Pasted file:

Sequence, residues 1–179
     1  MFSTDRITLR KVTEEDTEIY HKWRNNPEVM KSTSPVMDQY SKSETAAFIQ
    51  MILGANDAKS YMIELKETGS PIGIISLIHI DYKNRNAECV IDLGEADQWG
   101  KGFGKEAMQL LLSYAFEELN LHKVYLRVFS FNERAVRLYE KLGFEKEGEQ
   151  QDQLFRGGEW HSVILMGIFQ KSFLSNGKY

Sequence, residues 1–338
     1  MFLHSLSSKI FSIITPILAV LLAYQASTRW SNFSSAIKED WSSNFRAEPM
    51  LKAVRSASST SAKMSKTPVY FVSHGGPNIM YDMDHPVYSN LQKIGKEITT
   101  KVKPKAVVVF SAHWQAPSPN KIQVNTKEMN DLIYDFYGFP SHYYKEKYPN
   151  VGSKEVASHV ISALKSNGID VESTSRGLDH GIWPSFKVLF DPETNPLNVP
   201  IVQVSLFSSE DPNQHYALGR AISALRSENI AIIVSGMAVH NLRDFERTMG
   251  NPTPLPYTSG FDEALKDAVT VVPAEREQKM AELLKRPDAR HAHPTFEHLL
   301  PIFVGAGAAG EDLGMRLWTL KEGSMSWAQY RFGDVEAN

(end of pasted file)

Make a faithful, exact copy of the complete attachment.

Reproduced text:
Sequence, residues 1–179
     1  MFSTDRITLR KVTEEDTEIY HKWRNNPEVM KSTSPVMDQY SKSETAAFIQ
    51  MILGANDAKS YMIELKETGS PIGIISLIHI DYKNRNAECV IDLGEADQWG
   101  KGFGKEAMQL LLSYAFEELN LHKVYLRVFS FNERAVRLYE KLGFEKEGEQ
   151  QDQLFRGGEW HSVILMGIFQ KSFLSNGKY

Sequence, residues 1–338
     1  MFLHSLSSKI FSIITPILAV LLAYQASTRW SNFSSAIKED WSSNFRAEPM
    51  LKAVRSASST SAKMSKTPVY FVSHGGPNIM YDMDHPVYSN LQKIGKEITT
   101  KVKPKAVVVF SAHWQAPSPN KIQVNTKEMN DLIYDFYGFP SHYYKEKYPN
   151  VGSKEVASHV ISALKSNGID VESTSRGLDH GIWPSFKVLF DPETNPLNVP
   201  IVQVSLFSSE DPNQHYALGR AISALRSENI AIIVSGMAVH NLRDFERTMG
   251  NPTPLPYTSG FDEALKDAVT VVPAEREQKM AELLKRPDAR HAHPTFEHLL
   301  PIFVGAGAAG EDLGMRLWTL KEGSMSWAQY RFGDVEAN